OBJECTIVE: We sought to compare the acceptability of suction curettage abortion with that of medical abortion with mifepristone and misoprostol in American women. STUDY DESIGN: We performed a prospective, serially enrolled, cohort analysis. The study population consisted of 152 subjects receiving mifepristone and misoprostol and 174 subjects undergoing suction curettage abortion aged ≥18 years with intrauterine pregnancies of up to 63 days’ estimated gestation. Questionnaires regarding expectations and experiences were administered before the abortion and at the 2-week follow-up visit. RESULTS: Subjects undergoing medical abortions reported significantly greater satisfaction than those undergoing surgical abortions (mean rank, 121 vs 149; P < .01) but were no more likely to recommend the method they had just experienced to a friend (97% vs 93.3%). If a future abortion was required, however, 41.7% of subjects undergoing surgical abortions indicated they would opt for a medical abortion, whereas only 8.6% of subjects receiving medical abortions would choose a surgical abortion (P < .001). Failure of the abortion decreased satisfaction in the medical group and increased the likelihood of choosing a surgical abortion for a subsequent procedure (P < .001). Surgical subjects who experienced more anxiety than expected during the abortion were more likely to choose a medical procedure for a subsequent abortion (P< .01). CONCLUSION: Women receiving mifepristone and misoprostol were more satisfied with their method and more likely to choose the same method again than were subjects undergoing surgical abortion. Failure of a medical abortion and increased anxiety during surgical abortion were associated with preference for the alternative technique in a future procedure.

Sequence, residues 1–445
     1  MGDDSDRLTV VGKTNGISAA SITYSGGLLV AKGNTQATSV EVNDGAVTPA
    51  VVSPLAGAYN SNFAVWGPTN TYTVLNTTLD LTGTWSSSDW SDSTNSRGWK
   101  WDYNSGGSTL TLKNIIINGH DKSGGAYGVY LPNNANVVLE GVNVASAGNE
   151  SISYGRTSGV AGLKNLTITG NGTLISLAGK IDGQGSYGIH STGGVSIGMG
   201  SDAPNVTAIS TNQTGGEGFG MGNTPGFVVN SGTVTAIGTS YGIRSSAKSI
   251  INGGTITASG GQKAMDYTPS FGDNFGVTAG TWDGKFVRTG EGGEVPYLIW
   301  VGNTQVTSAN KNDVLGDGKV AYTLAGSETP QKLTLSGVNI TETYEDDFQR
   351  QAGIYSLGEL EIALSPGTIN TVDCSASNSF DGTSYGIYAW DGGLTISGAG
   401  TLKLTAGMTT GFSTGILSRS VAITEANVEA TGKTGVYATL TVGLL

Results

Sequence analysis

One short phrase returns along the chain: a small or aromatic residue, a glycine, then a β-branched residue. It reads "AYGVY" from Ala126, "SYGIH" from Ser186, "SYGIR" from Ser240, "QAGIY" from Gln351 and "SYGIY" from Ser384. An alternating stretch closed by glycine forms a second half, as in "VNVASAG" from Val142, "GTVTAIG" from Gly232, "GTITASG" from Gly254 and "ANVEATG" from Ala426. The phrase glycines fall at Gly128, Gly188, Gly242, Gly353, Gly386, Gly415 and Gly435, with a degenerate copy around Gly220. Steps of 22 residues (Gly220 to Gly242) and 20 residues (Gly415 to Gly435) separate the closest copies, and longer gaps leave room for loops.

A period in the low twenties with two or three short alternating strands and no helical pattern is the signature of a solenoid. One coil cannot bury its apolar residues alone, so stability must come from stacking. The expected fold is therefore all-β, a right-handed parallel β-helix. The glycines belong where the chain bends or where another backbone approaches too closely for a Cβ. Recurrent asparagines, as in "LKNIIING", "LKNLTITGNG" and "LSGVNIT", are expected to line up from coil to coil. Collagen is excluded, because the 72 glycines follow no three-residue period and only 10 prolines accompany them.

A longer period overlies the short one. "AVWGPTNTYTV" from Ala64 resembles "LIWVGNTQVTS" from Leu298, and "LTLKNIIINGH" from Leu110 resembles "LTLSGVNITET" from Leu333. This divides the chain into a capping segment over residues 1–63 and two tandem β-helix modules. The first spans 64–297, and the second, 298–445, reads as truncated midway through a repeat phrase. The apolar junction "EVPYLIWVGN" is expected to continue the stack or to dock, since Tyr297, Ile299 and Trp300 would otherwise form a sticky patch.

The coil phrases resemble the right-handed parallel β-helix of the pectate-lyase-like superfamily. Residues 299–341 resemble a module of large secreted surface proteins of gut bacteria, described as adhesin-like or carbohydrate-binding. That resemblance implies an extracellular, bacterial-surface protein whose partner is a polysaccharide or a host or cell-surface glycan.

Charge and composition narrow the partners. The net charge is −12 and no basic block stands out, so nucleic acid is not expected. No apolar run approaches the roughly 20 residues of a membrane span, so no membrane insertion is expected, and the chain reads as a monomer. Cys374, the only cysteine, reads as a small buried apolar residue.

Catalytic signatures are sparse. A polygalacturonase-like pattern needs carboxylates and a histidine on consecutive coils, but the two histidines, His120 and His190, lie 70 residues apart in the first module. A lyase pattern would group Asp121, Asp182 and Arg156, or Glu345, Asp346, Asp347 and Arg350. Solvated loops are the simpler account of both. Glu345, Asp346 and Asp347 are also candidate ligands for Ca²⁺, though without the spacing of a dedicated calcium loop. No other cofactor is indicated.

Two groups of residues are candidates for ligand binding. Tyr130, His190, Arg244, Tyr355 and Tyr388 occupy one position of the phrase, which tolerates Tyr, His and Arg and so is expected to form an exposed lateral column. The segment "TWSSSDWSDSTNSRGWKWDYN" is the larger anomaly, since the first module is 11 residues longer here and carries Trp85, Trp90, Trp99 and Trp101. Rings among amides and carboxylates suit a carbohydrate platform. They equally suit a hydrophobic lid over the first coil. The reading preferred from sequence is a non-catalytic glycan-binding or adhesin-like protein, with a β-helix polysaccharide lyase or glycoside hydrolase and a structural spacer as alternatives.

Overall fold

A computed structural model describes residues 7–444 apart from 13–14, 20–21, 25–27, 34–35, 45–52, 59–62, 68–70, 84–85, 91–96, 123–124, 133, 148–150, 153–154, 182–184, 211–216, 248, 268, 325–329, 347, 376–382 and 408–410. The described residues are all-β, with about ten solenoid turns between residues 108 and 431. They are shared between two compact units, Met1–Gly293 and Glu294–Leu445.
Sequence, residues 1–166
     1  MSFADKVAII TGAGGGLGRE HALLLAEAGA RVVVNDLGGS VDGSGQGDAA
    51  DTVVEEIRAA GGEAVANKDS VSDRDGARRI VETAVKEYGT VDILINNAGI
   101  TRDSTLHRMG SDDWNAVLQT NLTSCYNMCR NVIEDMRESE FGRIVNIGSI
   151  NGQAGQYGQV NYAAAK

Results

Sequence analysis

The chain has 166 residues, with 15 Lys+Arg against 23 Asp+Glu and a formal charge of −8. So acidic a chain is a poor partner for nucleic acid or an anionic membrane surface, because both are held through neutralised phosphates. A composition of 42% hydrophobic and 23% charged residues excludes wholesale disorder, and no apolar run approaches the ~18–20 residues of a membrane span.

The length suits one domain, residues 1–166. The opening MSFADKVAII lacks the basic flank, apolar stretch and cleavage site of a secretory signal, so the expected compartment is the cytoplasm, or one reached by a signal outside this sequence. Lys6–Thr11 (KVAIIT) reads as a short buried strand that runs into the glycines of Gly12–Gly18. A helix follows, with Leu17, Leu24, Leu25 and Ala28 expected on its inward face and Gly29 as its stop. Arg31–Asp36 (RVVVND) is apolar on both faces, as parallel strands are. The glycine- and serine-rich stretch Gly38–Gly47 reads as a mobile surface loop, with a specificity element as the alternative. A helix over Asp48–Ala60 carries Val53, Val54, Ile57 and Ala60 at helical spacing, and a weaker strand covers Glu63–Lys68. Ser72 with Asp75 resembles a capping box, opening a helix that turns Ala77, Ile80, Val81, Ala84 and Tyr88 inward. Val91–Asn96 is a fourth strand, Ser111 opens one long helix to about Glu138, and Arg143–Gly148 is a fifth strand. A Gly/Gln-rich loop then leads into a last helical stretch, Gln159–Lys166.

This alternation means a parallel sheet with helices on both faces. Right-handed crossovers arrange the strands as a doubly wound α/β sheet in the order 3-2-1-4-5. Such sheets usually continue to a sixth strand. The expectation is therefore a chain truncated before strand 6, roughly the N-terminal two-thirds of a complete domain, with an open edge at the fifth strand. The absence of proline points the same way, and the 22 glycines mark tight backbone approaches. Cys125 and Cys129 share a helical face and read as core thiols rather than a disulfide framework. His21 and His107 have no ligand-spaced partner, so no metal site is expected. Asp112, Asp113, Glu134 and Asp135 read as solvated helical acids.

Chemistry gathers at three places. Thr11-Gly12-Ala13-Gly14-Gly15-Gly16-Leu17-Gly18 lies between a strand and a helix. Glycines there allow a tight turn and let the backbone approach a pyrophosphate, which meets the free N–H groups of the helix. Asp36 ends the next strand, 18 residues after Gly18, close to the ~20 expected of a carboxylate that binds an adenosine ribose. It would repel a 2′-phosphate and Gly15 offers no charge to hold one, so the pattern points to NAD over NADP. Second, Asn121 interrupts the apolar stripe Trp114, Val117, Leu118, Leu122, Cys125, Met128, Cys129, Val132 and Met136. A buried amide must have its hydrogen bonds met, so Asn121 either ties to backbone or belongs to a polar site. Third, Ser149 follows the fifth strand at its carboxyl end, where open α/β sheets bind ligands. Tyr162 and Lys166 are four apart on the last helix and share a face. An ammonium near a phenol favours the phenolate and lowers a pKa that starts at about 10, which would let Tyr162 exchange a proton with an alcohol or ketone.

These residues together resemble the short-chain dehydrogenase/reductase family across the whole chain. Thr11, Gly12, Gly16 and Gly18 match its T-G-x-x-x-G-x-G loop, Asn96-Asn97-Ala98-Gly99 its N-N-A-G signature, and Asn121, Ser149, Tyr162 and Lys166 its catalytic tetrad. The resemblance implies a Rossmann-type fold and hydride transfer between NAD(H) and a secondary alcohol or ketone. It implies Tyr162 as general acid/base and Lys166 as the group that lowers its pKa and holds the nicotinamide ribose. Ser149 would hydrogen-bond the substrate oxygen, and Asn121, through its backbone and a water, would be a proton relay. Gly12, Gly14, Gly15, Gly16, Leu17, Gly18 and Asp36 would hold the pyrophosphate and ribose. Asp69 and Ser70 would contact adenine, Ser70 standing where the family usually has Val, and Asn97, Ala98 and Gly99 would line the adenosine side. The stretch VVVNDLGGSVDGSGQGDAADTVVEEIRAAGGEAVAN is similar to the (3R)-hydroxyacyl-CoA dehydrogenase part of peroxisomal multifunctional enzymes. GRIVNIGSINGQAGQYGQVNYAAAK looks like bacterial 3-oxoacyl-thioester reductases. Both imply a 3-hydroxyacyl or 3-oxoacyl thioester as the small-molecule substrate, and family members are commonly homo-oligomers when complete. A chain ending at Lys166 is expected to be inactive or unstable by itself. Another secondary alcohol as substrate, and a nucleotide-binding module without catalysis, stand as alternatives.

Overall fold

|Original language||English (US)|
|Number of pages||8|
|Journal||American journal of obstetrics and gynecology|
|State||Published - Jun 2000|
- Suction curettage
ASJC Scopus subject areas
- Obstetrics and Gynecology